Aquarium Makes Good on Free Passes for Low-income Visitors

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By David P. Ball, Today, TheTyee.ca

Vancouver Aquarium

Free Vancouver Aquarium passes for low-income residents and families will become available starting in the fall through city community centres.

Photo by Lorna Jane via Your BC: The Tyee’s Photo Pool.

With the Vancouver Aquarium hosting a grand opening for its expanded facility on Friday, The Tyee has learned it plans to finally fulfill a

longstanding promise to low-income residents in the city.

Starting this fall, the aquarium says it will offer 26,000 free passes a year to Vancouverites who can’t afford its steep entry price.

More than five years ago, Vancouver Board of Parks and Recreation voted to require the free passes in its list of “mitigation and compensation

measures” for approving a major aquarium expansion in city-run Stanley Park.

The motion, put forward by then-commissioner Spencer Chandra Herbert, required that the aquarium agree to supply 1,000 individual passes

at no cost to each Vancouver Park Board community centre on an annual basis, to be administered by park board staff.

With the aquarium’s current rates set at $29 per adult, $20 for teens and $15 for children under 13, prices are out-of-reach for many

Vancouverites, and during the busy summer tourist season rise by $5, starting June 21, an aquarium spokesperson said.

“I’ve heard from a lot of families who say they can’t afford the aquarium,” said Chandra Herbert, now MLA for the West End which is adjacent

to Stanley Park. He said the passes took a longer time than he’d hoped to materialize, but that they would fulfill his eight-year-old motion and

are a positive move.

“We committed to this in 2006 and we will honour that commitment,” the aquarium’s chief financial officer Cathy Imrie said. “The intent

always had been that this would come into effect once we completed our expansion.”

Imrie said she anticipates the passes will become available starting in the fall, and that the park board will administer them to ensure

they “get into the hands of appropriate individuals, and that it’s fraud-proof.”

Passes only valid outside of summer

Current park board commissioner Niki Sharma, who recently announced her candidacy for Vision Vancouver’s city council slate in

the November civic elections, said that city staff “continue to communicate” with the aquarium about delivering the promised passes.

“The aquarium previously said that it would coincide with their expansion,” she explained. “Affordability is always an issue in the city.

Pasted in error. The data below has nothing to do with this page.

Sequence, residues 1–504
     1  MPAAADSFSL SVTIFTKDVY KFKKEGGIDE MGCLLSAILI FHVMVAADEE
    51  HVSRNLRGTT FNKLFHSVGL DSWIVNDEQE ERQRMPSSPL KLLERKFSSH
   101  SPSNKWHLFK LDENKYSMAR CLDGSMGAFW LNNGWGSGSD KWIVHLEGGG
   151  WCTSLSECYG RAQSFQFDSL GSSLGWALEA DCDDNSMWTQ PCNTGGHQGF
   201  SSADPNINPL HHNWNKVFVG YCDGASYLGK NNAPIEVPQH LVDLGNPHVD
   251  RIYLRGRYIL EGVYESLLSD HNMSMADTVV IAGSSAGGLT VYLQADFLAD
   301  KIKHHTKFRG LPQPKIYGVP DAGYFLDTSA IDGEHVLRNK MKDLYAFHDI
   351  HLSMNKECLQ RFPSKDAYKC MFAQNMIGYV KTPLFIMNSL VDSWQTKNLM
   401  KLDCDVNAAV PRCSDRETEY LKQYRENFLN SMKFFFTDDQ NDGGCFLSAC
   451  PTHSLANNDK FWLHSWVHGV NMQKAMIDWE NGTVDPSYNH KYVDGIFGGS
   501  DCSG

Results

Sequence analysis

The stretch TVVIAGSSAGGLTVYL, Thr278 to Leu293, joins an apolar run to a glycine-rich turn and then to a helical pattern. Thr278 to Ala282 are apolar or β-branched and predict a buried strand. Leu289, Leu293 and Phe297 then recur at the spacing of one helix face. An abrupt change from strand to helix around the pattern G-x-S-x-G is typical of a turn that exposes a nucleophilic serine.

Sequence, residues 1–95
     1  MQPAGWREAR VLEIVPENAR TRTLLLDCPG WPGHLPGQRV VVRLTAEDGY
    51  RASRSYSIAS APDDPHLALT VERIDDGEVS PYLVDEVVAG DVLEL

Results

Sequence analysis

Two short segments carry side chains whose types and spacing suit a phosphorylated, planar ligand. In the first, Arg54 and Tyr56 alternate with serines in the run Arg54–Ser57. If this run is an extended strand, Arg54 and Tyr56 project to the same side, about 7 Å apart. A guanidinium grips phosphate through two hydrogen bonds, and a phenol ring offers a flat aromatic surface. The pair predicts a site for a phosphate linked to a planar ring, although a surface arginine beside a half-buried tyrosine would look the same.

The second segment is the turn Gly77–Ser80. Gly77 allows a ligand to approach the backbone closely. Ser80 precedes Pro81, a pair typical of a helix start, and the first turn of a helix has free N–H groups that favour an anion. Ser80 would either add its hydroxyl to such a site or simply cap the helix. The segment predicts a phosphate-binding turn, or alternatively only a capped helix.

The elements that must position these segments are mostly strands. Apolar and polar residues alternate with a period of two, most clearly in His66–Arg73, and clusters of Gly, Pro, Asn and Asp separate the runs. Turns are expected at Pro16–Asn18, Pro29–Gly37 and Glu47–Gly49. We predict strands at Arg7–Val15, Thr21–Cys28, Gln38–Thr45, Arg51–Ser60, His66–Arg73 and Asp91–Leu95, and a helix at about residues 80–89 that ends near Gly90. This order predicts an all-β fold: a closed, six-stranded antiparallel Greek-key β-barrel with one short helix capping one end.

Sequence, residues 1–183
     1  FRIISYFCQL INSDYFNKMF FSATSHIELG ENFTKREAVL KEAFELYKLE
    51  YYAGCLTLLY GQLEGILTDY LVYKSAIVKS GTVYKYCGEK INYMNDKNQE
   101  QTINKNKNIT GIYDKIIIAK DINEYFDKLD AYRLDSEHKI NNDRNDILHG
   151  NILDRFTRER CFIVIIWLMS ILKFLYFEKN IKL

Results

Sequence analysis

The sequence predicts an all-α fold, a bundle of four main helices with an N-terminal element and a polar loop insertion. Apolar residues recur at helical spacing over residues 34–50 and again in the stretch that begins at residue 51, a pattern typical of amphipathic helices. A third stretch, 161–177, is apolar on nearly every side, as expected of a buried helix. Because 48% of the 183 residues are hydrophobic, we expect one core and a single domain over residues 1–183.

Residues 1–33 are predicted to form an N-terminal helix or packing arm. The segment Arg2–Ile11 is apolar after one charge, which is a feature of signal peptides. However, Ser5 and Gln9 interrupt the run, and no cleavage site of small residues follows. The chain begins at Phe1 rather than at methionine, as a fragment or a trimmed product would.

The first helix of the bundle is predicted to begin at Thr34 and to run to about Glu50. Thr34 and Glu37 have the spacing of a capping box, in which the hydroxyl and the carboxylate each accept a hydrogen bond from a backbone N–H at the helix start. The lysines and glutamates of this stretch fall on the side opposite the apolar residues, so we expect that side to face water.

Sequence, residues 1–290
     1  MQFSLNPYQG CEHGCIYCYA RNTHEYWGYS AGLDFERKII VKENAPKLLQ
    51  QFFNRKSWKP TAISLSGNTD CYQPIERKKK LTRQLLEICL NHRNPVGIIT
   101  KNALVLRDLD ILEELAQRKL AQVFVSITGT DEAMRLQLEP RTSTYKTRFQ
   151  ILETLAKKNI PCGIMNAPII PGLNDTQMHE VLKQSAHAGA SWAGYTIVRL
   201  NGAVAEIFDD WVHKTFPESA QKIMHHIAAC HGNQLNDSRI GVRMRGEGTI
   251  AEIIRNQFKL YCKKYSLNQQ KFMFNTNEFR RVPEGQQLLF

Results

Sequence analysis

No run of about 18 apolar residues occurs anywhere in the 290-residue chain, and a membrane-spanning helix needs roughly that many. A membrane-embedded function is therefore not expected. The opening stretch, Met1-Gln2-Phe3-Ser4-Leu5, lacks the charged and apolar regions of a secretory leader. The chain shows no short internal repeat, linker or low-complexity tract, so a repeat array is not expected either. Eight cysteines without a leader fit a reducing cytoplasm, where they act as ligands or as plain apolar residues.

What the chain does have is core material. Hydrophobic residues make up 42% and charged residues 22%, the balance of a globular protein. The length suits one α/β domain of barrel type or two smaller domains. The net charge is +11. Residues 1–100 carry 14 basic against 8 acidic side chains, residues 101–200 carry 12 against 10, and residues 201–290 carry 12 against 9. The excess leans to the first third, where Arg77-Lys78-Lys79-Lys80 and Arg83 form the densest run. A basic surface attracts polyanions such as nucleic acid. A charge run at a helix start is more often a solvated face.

We’re happy if our partners can offer discounted or free passes to people who can’t otherwise go.”

The aquarium’s one caveat, however, is that the passes can only be used outside the busy summer tourist season, when prices climb

and the facility is awash in visitors from out of town.

“These are for distribution for citizens of Vancouver who have the ability to come the other nine months of the year [that] they live in city,”

Imrie said.

In the nearly seven-and-a-half years since the park board asked for the passes, the aquarium has participated in two programs that

offer low-income residents a chance to visit city attractions, almost all of them receiving some level of funding or subsidies from

taxpayers.

For instance, it offers a 50 per cent discount to residents who are approved for the Leisure Access Program, which “allows Vancouver

residents who are in financial need to access basic recreation programs at Park Board facilities at reduced cost,” the city’s website states.

To qualify for the program, residents must prove their income level is below a certain level and that they live here permanently. For a

two-person family, the threshold is under $29,440 before tax; for four, it’s $43,942.

Imrie also pointed to the aquarium’s enrolment in the Vancouver Public Library’s Vancouver Inspiration pass. Under that program, library

cardholders 14 years and older can “sign out” one of 120 passes granting access to programs and attractions for two weeks.

But the high demand for the free passes have led to mushrooming wait-lists of “a little less than three years” to get one, admits a library

source, who asked not to be named.

There are currently 9,071 “holds” on Inspiration passes. The highest number of holds, 1,555, are at the central branch, which has 20

passes available. The Joe Fortes branch, the outlet closest to the aquarium, has 427 holds on its five passes, with one extra pass

coming this summer.  [Tyee]

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